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A financial journalist argues what we really need is more divorces -- and shorter buildings.

By 6.23.08

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The Logic Of Life: The Rational Economics of an Irrational World.
By Tim Harford
(Random House, 272 pages, $25)

"Most of economics can be summarized in four words: 'People respond to incentives.' The rest is commentary."

That is the first line from Steven Landsburg's seminal pop-economics book The Armchair Economist. Published in 1993, Landsburg's book paved the way for mainstream economics crossovers such as Freakonomics, The Economics of Life, Hidden Order, and Discover Your Inner Economist. But perhaps none remains as true to Landsburg's dictum as Tim Harford's latest effort, The Logic of Life.

In the follow-up to his 2005 The Undercover Economist, Harford employs unwavering faith in man's ability to rationally respond to incentives to investigate the phenomena that shape the everyday world. The reader can barely keep up as he connects divorce rates with the Pill, casts Chris "Jesus" Ferguson as the heir to John von Neumann, and recommends playing the lottery as an alternative to voting -- all in the name of rational choice

Unlike Chicago economist Steven Levitt in Freakonomics, Harford, a journalist for the Financial Times who writes the popular "Dear Economist" advice column, doesn't present his own findings. Instead, he repackages studies by academics in a form that even the most casual reader could follow and appreciate.

The number of studies he employs makes for a lightening-fast pace, which keeps the The Logic of Life approachable and captivating. Harford plays to his writerly strengths by ending the book with a victory lap one-chapter history of mankind predicated on man's response to incentives.

PRESENTING THE MOST counterintuitive findings in lighthearted fashion is a sure formula for pleasing the audience. But it gives rise to a problem academic journal editors encounter often enough: studies with more outlandish claims are more likely to have shortcomings in logic or methodology overlooked.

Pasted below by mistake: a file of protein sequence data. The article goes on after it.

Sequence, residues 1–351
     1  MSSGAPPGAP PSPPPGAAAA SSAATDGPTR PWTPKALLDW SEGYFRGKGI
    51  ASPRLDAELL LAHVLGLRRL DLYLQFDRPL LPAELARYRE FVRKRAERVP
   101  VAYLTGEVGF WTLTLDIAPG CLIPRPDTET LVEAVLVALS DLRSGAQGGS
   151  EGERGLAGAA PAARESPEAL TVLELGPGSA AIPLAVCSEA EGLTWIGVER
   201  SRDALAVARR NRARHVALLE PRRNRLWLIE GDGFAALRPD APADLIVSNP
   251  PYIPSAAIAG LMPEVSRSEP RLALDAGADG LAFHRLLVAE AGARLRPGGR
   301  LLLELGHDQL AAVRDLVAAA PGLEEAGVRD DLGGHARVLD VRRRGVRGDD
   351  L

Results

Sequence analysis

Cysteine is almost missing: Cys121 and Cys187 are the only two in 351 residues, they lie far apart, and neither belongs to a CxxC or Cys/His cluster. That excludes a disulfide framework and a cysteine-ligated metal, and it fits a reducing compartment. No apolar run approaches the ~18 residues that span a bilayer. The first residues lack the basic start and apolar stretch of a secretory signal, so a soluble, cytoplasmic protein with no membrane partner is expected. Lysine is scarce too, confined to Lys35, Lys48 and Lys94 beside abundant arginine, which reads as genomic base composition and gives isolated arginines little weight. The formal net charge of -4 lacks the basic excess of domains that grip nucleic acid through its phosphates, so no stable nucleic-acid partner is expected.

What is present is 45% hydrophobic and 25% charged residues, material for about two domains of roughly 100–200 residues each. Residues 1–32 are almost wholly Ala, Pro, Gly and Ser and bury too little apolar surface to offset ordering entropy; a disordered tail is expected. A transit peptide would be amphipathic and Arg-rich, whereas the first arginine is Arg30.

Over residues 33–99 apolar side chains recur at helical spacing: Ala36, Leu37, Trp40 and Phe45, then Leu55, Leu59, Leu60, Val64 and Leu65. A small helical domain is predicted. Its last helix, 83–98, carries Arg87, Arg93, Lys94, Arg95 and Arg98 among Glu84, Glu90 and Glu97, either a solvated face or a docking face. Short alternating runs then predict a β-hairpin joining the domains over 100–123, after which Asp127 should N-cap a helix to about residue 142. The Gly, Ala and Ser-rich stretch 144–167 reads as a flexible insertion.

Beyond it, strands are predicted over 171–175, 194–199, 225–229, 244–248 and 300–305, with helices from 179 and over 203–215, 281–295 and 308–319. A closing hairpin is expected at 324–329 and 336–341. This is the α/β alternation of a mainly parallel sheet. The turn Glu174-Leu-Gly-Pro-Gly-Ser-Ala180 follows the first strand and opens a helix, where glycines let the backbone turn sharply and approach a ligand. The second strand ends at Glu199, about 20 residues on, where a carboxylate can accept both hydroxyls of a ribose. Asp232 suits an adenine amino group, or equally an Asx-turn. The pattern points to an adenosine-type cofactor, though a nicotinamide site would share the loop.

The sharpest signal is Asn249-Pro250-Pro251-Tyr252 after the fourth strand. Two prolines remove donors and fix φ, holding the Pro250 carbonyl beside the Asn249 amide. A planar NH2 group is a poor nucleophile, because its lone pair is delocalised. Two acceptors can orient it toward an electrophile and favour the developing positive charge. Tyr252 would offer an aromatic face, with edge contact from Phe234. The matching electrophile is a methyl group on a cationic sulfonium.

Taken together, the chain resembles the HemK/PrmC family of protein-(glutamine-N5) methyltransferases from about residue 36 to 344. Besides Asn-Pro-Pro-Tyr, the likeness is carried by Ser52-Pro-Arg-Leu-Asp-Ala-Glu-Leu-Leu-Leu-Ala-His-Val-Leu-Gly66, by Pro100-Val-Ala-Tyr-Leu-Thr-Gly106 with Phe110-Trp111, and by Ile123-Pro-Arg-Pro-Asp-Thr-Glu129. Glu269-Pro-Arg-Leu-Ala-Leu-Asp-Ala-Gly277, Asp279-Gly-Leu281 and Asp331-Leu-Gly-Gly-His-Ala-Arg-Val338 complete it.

In some cases, Harford makes small leaps of faith that strengthen his point but fall short of the precise standards of economics. For instance, in his chapter on the ways in which individual choices shape cities, Harford references the empirical work of Edward Glaeser and Bruce Sacerdote in confirming urbanist Jane Jacobs' claim that taller buildings increase crime.

Jacobs's intuition is of the kind that Harford loves: a head-slapper. Upon hearing it, the reader wonders how they failed to think of something so obvious. However, it's not as easy to prove as Harford thinks.

Claiming that Glaeser and Sacerdote find that taller buildings cause increased crime is a step further than they themselves were willing to take in their paper "The Social Consequences of Housing." The study is a cross-section controlling for observed characteristics of neighborhoods, and so although the authors can isolate the correlation between the heights of buildings and the level of crime in neighborhoods, it seems like a stretch to confirm the enticing but unlikely claim that taller buildings cause an increase in crime.

Harford not only makes that leap of logic but he also uses it in a passage incorporating anecdotes about two women attacked in different neighborhoods as well as race statistics about the UK -- a synthesis which seems to run roughshod over the assumptions underlying Glaeser and Sacerdote's paper.